Filming in National Parks 

Your Instagram account is growing and you are looking for content that will engage your fans and grow your influence. You think, “The national parks have amazing scenery. I’ll head to Zion and take some dangerous looking pictures on the edge of cliffs." You are not the first to think of this. 

There are rules for who can shoot video or take pictures in national parks based on if it is for themselves or if they plan to make money from it. I can’t imagine what a pain it must be for park rangers since the age of influencers and the internet. 

Photo by Steve Gale on Unsplash
Photo by Steve Gale on Unsplash

Permit Required to Film and Take Pictures 

If you are visiting Zion National Park with friends or family and stop to take a video on the trail or take some pictures of the soaring cliffs, it is all good. Record those memories and share them with those you love.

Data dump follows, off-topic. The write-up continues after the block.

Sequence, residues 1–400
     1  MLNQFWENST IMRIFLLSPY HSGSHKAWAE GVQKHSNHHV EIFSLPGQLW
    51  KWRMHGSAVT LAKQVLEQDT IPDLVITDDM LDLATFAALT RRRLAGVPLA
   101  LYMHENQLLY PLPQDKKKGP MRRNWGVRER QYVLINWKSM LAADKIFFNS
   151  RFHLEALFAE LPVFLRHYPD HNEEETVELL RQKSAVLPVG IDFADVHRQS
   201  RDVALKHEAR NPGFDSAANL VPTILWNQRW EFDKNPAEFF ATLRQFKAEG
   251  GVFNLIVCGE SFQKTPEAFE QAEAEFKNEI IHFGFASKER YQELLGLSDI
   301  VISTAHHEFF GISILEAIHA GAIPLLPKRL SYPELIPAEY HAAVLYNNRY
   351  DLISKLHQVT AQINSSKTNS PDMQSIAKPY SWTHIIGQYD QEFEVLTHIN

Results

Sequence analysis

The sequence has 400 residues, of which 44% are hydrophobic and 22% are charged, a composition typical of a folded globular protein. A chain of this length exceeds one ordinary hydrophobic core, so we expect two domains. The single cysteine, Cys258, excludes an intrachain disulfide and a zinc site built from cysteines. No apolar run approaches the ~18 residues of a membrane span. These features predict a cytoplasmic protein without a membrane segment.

However, if you are doing it for commercial reasons, you will need a permit with an application fee that will cost you $150. Here is the information from the Zion National Park site: 

Federal law requires a permit for all commercial filming, no matter the size of the crew or the type of equipment. This includes individuals or small groups that don’t use much equipment, but generate revenue by posting footage on websites, such as YouTube and TikTok. 

Protecting the Park Resources 

They explain that maintaining the park and the visitor’s experience and anything that takes away from this goal draws away resources. For example, if someone brings in props or goes into restricted areas it can be a problem. 

Read More: Surprising Who Helped Zion Become A Tourist Destination

I would imagine as busy as Zion gets at peak tourist times, some YouTube star blocking a trail with their crew could be a headache. 

The Permit Process 

On the site they have links to a form that will be emailed. There is also a place to pay the $150 application fee. This is just the beginning. There are many more fees and approvals needed based on the size of the production. 

I don’t know what happens if you sneak in and film your TikTok and post it without a permit, but as it is a federal law, the proof of what you did is right there on the internet for all to see. 

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